Using a foam roller before and after workouts will help you alleviate soreness and get back to 100%.
Everyone knows that recovery is a crucial component to increasing performance and decreasing the risk of injury. In order to minimize your recovery time, those who train consistently should get proper rest between training sessions, eat properly, and get enough sleep on a nightly basis. However, sometimes those methods aren’t enough to reduce soreness and get you back to 100%. I know because I’ve been there and my athletes have been there…
But this is where your new best friend, the foam roller, comes into play! Foam rollers might look like glorified pool noodles, but they’re an inexpensive, effective, and easy way to speed up the recovery process.
How does foam rolling work?
The demands of training can often cause large amounts of scar tissue and soft tissue adhesions (commonly referred to as “knots”) to develop within the muscle. Believe it or not these are actually responsible for increasing soreness as well as the time it takes to recover.
Foam rolling is based on the concept of self-myofascial release, which is just a technical term for a self-massage. Within the past few decades it’s been proven that professional massage is a very effective way of breaking down “knots” and scar tissue in the muscle, which in turn allow individuals to recover faster. However, I’ll be the first to admit that routine massages are expensive and pretty impractical. Herein lies the beauty of the foam roller; it’s inexpensive and readily available.
So what you will need to reap the benefits?
-Foam roller with a six inch diameter (one foot or three feet in length).
-A solid floor
A Quick Word on Technique
Foam rolling is really pretty simple. Basically, you just want to sandwich the foam roller between the floor and the muscle group you want to work (which should be the muscle group that’s sore). Using your body weight to apply the right amount of pressure, roll slowly and steadily up and down the entire length of the muscle. While doing this, pause only to bear down on specific “knot” areas that you feel need the most work. If you spend anywhere from thirty seconds to two minutes rolling each muscle group (depending on the severity of soreness) you’ll do wonders for alleviating the pain and improving the way you feel during your workout and as well as after them.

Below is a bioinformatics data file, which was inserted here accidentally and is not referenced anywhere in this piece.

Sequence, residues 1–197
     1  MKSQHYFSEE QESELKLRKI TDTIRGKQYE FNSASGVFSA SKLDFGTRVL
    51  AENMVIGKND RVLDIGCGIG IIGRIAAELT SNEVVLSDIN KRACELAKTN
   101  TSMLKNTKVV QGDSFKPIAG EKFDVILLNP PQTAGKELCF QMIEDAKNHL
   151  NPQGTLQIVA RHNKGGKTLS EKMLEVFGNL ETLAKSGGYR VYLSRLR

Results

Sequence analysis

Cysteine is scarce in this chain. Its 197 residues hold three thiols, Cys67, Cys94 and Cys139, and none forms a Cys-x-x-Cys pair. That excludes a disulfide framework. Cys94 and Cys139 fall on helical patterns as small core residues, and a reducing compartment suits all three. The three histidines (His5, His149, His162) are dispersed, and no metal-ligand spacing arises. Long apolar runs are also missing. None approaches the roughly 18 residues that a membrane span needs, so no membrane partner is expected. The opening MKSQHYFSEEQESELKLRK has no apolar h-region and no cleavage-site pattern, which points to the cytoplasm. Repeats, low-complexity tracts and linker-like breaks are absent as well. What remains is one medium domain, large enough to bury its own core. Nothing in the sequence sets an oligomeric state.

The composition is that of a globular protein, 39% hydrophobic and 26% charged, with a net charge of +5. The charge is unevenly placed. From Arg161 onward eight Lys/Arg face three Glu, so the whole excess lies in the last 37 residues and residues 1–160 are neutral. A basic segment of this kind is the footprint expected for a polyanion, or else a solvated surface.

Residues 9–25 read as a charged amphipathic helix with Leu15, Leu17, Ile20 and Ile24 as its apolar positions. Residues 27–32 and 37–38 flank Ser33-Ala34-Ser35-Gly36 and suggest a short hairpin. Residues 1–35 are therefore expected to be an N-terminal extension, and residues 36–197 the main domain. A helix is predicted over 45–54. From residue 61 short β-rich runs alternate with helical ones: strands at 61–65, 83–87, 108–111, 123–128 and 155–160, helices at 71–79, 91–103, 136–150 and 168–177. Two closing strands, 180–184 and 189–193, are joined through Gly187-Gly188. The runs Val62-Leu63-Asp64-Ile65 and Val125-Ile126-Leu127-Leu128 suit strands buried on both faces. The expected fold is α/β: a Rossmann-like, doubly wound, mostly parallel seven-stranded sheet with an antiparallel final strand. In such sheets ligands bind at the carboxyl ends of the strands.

It’s important to note that foam rolling can be borderline painful, especially if you’re excessively sore or just starting out. Luckily foam rollers are sold in various densities. Some are a little more solid than a foam pool noodle (usually white) while others have a very dense, very solid feel (usually black). The more dense the roller and the more pressure you apply, the more you’ll work the muscle. That said, applying too much pressure can do more harm than good and could lead to injury.
Progression: When to roll. How often to roll. How long to roll.
Like other aspects of training, the ultimate benefits from using a foam roller won’t occur overnight, but the short term benefits should be relatively noticeable.
Although there’s some debate about when to roll, how often roll, and how long to roll, spending one to two minutes (ten to fifteen minutes total) rolling on each muscle group before a workout will decrease muscle density and make you feel much better throughout the course of your training session. Additionally, rolling after a workout can aid in recovery and help prevent DOMS (aka Delayed Onset of Muscle Soreness).
Oh and don’t worry about rolling too often as one can roll on a daily basis or even several times a day and still feel the benefits. Simple trial and error will let you know what’s right for you, but if you make foam rolling a staple of your warm up and cool down you’ll recover faster and be ready to go every time you get into the gym or onto the field.
And 1R, to ensure you're recovering properly between training sessions, we at OneResult recommend the following post-lift whey protein recovery supplements: